It is a touching story, sometimes hard to read, but the drawings are well done and the graphic novel manages to condense the story while sticking to the vital parts. I don't want to call it enjoyable but it will keep you interested. 

5 stars
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Very informative- I was not aware of the radium girls, the radium poisoning, nor the far-reaching effects of it. I very much enjoyed the story, but the illustrations for the most part turned me off. I love a good graphic novel, but I simply didn't care for the style of these illustrations. They were a distraction to the story line, in my opinion.
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This gorgeous book is based on the true story of the Radium Girls - women who became famous after suing their workplace for unsafe working conditions.  Author/illustrator Cy has created a heartbreaking, tragic piece of art that will stay with any reader.
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Thank you to NetGalley and Glénat for an eARC of Radium Girls: The Graphic Novel by Cy. in exchange for an honest review. 

CW: systemic abuse, gaslighting, medical content, see full list on StoryGraph

An excellently produced homage to the Radium Girls, who lost their lives in the fight to change the course of history and protect workers from dangerous conditions in America.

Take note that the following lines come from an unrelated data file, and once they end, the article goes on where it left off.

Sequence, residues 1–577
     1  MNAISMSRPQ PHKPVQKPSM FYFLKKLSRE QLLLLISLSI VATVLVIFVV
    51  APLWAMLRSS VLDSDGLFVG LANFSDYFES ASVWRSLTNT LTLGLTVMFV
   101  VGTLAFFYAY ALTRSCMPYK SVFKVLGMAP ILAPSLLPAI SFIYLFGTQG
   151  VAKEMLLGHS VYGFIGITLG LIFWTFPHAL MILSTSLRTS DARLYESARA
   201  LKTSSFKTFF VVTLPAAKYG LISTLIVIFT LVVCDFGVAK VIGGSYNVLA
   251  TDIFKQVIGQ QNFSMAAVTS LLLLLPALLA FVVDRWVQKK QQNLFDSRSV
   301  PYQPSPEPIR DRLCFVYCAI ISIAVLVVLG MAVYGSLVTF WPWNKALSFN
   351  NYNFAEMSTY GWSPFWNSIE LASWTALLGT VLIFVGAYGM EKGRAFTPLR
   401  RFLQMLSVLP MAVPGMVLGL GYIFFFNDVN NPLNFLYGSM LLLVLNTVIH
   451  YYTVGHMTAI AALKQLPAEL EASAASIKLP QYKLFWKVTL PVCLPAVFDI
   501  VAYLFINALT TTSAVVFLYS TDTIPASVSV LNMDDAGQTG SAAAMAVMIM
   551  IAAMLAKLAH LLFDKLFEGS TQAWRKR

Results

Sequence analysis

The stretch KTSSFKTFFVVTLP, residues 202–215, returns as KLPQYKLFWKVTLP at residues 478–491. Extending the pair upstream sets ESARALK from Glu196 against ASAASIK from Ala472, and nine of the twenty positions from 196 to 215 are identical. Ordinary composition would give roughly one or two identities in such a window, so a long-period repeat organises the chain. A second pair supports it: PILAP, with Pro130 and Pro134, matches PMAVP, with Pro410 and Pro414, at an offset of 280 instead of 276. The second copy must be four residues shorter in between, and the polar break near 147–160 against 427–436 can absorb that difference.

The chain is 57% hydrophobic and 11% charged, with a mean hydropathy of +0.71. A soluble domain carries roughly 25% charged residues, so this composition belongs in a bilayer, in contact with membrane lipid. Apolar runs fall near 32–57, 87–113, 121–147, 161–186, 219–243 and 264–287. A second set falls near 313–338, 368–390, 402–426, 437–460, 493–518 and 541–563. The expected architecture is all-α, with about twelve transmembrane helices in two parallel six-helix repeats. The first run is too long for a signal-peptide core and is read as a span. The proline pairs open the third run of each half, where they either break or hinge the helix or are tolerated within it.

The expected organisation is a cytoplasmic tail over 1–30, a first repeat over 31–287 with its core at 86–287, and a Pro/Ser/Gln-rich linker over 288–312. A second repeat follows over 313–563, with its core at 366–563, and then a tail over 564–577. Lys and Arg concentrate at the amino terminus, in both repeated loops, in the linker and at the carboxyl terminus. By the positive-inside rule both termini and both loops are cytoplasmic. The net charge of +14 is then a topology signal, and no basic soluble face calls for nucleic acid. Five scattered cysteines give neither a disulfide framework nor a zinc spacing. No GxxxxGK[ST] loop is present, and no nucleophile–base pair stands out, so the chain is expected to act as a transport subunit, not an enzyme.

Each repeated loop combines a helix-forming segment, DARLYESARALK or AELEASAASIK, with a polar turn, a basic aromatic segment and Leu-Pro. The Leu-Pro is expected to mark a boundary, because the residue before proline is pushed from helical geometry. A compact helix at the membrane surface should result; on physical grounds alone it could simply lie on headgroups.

This was so incredibly powerful. Having read Kate Moore's nonfiction account of the Radium Girls story, I was honored to see the story of these women come to life in graphic form. The color palette was stunning and served to complement and exaggerate the dangerous glow of the radium that was slowly killing these women from the inside out. I found the pages depicting the death of each woman to be particularly moving. If it was not already clear how much respect the author had for these women and their story, the interview with the author included at the end of the book served to further elucidate the inspiration and purpose behind this beautiful project. I am thankful to have been able to read this book and hope that people far and wide pick up this book to learn about how their own safe work conditions are owed to these brave women.
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**thank you Netgalley and Iron Circus Comics for eARC**

This pencil drawn graphic novel tells a part of a tragic story of Radium girls, who lost their lives and suffered terribly by the hands of corporate cover-up.

What drew my attention to this story was mostly the art style which I find absolutely stunning. Delicate drawings done in style of pencil colors, combined by powerful imaginary, suited the story as best as it could.

All art aside, I think story progressed way to fast, leaving important details out and cutting their fight for justice short. Since I've read non-fiction book this graphic novel took inspiration from, I couldn't help but feel like it needed more depth and focus than we got here.

Even though I had problems with story, I still think it is a good introduction to their lives and strength. If this is your first encounter with this part of the history, I strongly suggest you pick up "Radium girls" by Kate Moore for further reading.